Symbolic Convergence Theory
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This essay describes symbolic convergence theory, postulated by Ernest Bormann and used in group (especially small group) interaction and activity. The paper points out that, quite often in the business, political or social world several individuals with different backgrounds, aptitudes and preferences are asked to work together in a group. The theory addresses these kinds of situations. The paper concludes that the theory is somewhat too simple and limited to be anything else than an intuitive observation, with no potential for development and no real essential reflection on communication or group work.
From the Paper:"An important characteristic of the fantasy that needs to be shared with the group is that it needs to belong outside the group and, in this sense, outside the idea that is shared or discussed with the group. The respective fantasy shared by one of the individuals is supposed to be able to trigger a similar reaction from the other members of the group and increase cohesion. As such, someone else from the group might remember that it's also the birthday of a member of his own family and he will share this with the group. This creates a symbolic convergence that will help increase the convergence of the group and helps "build a sense of community or a group consciousness" (Young, 1998; from Griffin, 1997)."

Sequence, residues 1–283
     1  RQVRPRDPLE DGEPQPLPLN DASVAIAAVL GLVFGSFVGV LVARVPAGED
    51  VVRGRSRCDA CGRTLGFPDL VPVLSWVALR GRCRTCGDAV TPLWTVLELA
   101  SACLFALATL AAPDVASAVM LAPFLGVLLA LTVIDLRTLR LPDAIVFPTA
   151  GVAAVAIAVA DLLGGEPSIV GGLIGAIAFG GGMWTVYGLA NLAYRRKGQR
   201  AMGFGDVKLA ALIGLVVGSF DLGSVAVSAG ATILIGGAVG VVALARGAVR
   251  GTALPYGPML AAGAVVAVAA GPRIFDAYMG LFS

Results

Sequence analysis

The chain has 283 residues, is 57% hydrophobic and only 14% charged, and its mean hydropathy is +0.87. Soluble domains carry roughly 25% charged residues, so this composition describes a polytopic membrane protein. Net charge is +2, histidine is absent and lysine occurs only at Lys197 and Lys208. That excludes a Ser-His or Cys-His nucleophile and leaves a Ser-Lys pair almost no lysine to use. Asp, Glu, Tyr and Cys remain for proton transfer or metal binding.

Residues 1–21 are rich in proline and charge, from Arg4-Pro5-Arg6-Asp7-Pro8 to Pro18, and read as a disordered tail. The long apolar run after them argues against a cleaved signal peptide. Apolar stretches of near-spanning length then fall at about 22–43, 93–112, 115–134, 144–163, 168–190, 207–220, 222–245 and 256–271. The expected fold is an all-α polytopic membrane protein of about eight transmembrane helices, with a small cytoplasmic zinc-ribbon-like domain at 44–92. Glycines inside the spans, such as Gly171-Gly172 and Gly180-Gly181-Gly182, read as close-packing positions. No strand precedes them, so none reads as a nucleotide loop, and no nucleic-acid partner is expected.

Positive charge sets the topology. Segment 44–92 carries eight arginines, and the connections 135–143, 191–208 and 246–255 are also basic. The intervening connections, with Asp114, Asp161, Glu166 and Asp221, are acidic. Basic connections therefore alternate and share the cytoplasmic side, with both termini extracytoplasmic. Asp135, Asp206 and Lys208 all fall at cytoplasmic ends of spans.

Sample of Sources Used:
- Griffin, E. (1997). A first look at communication theory (3rd ed.). New York: McGraw-Hill
- Young, Denise (1998). Bormann's Symbolic Convergence Theory. On the Internet at http://www.colorado.edu/Communication/meta-discourses/Papers/App_Papers/Young.htm. Last retrieved on December 12, 2007
Cite this Analytical Essay:
Symbolic Convergence Theory (2008, July 31) Retrieved December 04, 2023, from https://www.academon.com/analytical-essay/symbolic-convergence-theory-106330/
"Symbolic Convergence Theory" 31 July 2008. Web. 04 December. 2023. <https://www.academon.com/analytical-essay/symbolic-convergence-theory-106330/>